27, Feb 2018 | Inspirations
Art museums, once bastions of hushed voices are no longer shushing kids. In fact, they’re finding clever ways to draw them in — mini-tours for toddlers, touch-me installations to foster interest in classic masterpieces, and treasure hunts that promote exploration. In today’s article, you’ll find the top 10 best Art Galleries for Children in the US. so you can take your little ones out on a museum day.
It has a Touch Gallery — a permanent installation of five portrait sculptures from different time periods that kids can explore with their hands; originally designed for the visually impaired, the gallery has evolved into a spot where families can learn about form, scale, and texture in ways they couldn’t simply by using their sight.
TheMetropolitan Museum of Art offers 13 superbly produced children’s handbooks, such as Mixed-Up Files (a guide that dissects the time Claudia and Jamie camped out at the Met in the classic From The Mixed-Up Files of Mrs. Basil E. Frankweiler). It boasts a non-circulating library with 450 picture books for kids, including a collection of titles that have won the Caldecott Medal and it has a quick-service eatery that serves kids’ meals in boxes shaped like taxicabs
The museum offers three thematic, self-guided gallery hunts with packets of hip, colourful clue cards that send kids to five works of art per hunt and ask them questions about what they see. It also hosts tours for preschoolers such as “Looking for Goldilocks” (kids find objects in the museum’s collection-three chairs, three bowls-that fit the story, then decorate their own porridge bowl)
The museum hosts two family tours led by docents or museum artists every Saturday and offers family audio tours geared to its permanent collections and special exhibitions. It has a children’s Garden of Enchantment, which leads to the entrance of the museum’s education gallery; it’s dotted with adorable animal sculptures and features a pond.
This museum hosts weekend drop-in programs in the galleries for kids ages 4 and up that often include a treasure hunt and an art-making activity. It also offers hourlong Preschool Playdates for toddlers; a child and a parent hear nursery rhymes, watch finger plays, and make art in the galleries.
It provides family tours in English and Spanish as part of its “Family Days” program, which includes hands-on art-making and live theatrical, musical, or dance performances every Sunday of the year. The museum offers family gallery guides with inventive approaches; one, called Oddball Art, sends families to three modern works with questions to ask at every stop. It also hosts special “School’s Out, We’re In” programs for school holidays when families can take a special tour of the permanent collection featuring historical heroes in art.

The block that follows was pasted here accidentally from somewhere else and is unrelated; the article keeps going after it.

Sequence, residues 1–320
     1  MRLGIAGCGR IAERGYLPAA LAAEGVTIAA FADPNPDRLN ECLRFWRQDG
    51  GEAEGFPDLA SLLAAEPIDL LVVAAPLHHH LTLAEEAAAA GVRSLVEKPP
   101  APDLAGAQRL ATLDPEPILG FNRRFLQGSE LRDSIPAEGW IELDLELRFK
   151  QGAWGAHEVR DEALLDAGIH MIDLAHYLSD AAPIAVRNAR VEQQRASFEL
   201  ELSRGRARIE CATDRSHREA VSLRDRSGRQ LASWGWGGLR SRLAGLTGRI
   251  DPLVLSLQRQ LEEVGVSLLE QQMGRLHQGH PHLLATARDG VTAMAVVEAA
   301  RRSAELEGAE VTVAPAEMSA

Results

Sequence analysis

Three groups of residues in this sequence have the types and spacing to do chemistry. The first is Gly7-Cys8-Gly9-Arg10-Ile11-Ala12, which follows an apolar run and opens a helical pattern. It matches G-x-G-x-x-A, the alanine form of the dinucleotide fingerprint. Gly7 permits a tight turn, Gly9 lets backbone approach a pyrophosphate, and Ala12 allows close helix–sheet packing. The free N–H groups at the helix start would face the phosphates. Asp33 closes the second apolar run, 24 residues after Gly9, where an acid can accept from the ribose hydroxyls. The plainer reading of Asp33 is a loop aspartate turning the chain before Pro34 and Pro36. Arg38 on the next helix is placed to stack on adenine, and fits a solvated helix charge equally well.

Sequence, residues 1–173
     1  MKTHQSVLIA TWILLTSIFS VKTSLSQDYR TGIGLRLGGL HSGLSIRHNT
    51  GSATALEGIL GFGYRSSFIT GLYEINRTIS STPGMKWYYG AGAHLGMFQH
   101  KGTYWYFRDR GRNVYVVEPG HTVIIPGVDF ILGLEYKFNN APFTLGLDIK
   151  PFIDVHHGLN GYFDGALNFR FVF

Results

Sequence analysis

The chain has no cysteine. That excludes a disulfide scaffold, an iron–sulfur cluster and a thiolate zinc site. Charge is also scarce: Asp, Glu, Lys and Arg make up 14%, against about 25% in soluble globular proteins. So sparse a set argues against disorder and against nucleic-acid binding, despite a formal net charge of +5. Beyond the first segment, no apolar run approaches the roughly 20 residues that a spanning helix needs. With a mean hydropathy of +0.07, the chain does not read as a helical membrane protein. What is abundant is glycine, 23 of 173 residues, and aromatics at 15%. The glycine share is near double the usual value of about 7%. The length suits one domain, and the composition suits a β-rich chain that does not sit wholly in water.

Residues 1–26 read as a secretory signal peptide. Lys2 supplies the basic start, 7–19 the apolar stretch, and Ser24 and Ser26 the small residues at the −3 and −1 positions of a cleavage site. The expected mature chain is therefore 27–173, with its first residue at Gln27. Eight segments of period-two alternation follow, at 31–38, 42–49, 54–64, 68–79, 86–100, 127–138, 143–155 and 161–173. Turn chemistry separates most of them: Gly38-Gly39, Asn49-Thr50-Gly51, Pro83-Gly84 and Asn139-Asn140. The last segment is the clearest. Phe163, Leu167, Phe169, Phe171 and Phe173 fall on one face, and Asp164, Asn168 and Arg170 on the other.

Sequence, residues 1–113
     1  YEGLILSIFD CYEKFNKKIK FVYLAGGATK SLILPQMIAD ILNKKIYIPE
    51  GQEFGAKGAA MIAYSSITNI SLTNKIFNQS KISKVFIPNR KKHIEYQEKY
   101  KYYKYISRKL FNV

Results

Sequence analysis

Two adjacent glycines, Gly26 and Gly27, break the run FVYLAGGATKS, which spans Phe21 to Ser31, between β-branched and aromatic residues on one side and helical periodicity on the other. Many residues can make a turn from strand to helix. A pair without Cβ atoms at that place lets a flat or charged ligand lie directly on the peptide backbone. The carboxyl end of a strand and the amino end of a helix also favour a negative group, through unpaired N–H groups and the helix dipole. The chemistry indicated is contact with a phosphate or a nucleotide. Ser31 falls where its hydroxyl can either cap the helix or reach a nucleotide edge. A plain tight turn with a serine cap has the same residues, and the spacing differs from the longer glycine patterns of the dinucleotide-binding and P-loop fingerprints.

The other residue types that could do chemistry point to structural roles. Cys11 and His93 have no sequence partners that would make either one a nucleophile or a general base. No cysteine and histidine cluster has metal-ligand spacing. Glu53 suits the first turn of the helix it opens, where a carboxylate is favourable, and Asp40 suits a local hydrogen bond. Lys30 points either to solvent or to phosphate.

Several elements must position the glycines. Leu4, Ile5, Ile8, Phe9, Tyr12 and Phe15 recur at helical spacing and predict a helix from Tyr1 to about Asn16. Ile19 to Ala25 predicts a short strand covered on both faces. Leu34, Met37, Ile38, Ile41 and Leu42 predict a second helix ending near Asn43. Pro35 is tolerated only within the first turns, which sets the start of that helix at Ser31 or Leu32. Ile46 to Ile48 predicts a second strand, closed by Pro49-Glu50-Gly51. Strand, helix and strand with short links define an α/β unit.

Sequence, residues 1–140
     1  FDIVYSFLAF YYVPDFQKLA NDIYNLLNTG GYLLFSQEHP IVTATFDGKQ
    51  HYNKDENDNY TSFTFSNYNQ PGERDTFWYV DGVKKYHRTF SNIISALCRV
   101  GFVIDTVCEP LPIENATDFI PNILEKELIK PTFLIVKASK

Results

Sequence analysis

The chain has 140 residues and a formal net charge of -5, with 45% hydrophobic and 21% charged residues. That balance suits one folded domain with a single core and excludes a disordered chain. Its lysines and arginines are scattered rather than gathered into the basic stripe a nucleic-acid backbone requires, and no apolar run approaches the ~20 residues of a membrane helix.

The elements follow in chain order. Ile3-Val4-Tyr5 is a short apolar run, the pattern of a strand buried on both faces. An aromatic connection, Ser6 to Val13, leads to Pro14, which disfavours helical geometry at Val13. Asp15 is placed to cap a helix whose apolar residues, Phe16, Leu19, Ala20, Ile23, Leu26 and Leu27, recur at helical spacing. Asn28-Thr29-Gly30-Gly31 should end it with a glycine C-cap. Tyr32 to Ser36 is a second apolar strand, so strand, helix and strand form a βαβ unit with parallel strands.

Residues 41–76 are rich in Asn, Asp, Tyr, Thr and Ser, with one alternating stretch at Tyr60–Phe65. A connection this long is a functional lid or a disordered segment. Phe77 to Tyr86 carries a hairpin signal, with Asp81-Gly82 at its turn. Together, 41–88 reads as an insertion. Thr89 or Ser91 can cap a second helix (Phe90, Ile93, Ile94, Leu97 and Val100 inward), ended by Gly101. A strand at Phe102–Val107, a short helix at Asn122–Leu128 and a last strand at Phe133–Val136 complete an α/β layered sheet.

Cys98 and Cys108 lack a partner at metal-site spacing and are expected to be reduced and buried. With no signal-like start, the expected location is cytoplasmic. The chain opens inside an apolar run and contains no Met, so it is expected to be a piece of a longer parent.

This amazing museum offers free colourful cards to help families locate and talk about 15 of Joslyn’s “greatest hits;” most popular topic covered: Why are there naked people in art? It also boasts an “educational hub” called the EdTech Gallery, where children can peruse art-themed books and CD-ROMs while lounging on colourful, comfy chairs and sofas
It hosts daily family tours at which kids put together a photo album of the family who once lived on the estate, which now houses an extensive art collection and offers activity-packed family guides. The museum also features interactive displays in several galleries, including some that house textiles and historic paintings of children.
The museum hosts late-night family activities, from 6 p.m. to midnight on the third Friday of every month, featuring films, performances in the galleries, and bedtime stories read by a professional storyteller accompanied by the museum’s mascot, Arturo. This museum also offers “Passports Around the World,” a program held on select weekends during the year, in which children are given small blue passports and a list of objects to find in the permanent collections; when children locate an object, a docent stamps their passports with the object’s country of origin.
This fantastic museum hosts an amazing array of family art classes (many free with museum admission) and multi-day mini camps called the Art Adventure Club; in either, kids might design a nengajo (a Japanese New Year’s card), create animal statues, or make a nature journal.
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